The ITU is expected to provide its membership with high quality services. Services imply costs, therefore cost-recovery seems to me a logical and legitimate principle, when costs incurred do not fall within the institutional budget and are clearly identified.

There is, however, a strong need to maintain the spirit of the ITU charter well alive, without indulging in profit-making practices that could undermine the Union’s foundations.

The present contributory system should, in my opinion, continue to constitute the core financial basis of the Union. Member countries in which the sector is liberalized, could continue to build-up their contributions on the basis of cost-sharing among the interested actors, under the supervision of the regulatory authority. Sector membership application processing should be simplified, in order to encourage participation of the industry in the ITU fora. This would, no doubt, enrich the debate on important issues, by providing a greater variety of viewpoints and expertise. At the same time, bearing in mind that the industry is the main user of ITU services, (this is true, in particular, for the Standardization Sector), I believe that industry’s contributions should increase in exchange of greater say and in line with the cost recovery principle as well as the contribution levels of other organizations.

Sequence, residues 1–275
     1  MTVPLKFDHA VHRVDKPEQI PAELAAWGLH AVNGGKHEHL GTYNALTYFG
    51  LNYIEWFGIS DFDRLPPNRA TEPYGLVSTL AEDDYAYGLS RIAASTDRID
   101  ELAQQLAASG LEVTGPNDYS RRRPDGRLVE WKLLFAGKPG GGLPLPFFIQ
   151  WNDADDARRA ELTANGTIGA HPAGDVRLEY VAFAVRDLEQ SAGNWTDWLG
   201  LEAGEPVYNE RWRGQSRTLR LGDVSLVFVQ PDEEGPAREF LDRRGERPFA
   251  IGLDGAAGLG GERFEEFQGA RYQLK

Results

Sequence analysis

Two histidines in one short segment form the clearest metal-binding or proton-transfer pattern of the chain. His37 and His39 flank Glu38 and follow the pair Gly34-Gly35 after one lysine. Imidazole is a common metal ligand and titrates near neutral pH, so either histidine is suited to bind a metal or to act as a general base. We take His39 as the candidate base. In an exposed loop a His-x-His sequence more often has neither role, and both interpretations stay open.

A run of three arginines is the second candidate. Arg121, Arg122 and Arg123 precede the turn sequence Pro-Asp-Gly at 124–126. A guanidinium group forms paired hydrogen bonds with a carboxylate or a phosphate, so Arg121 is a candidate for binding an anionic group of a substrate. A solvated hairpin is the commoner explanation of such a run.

ITU’s neutrality and impartiality should, however, be safeguarded in order to serve the global community rather than specific interests.

Question 5
Given the broad membership of the organization (vendors, scientific organizations, service providers, broadcasters in countries from the poorest of the planet to the most powerful nations), how can the organization address their competing needs in a cost-effective way?

The basis of the ITU lie on consensus, to the extent practicable. Due to the diversity and increasing variety of actors involved, reaching consensus may prove difficult and require a lot of effort and resources. The alternative to ITU’s global arena, that is, tackling the hottest issues in different fora scattered world-wide, would, in my opinion, consume more resources and be less effective. In any case I am convinced that there still room for facing the growing complexity of ITU’s role with increased cost-effectiveness, by means of improved working methods, including:

Question 6
The 1995-1999 Strategic Plan said "At present, the ITU is surely one of the least known international organizations, in spite of the fact that the development of the global telecommunication network is increasingly vital to the welfare of humanity. The Members of the Union have asked it to play a leadership role in the international community. To do this, the ITU must communicate its message more effectively than it does at present, to ensure that governments are aware of the importance of telecommunications as a tool for social and economic development". What concrete steps would you take to fulfill this objective, what would be your "Communication" agenda?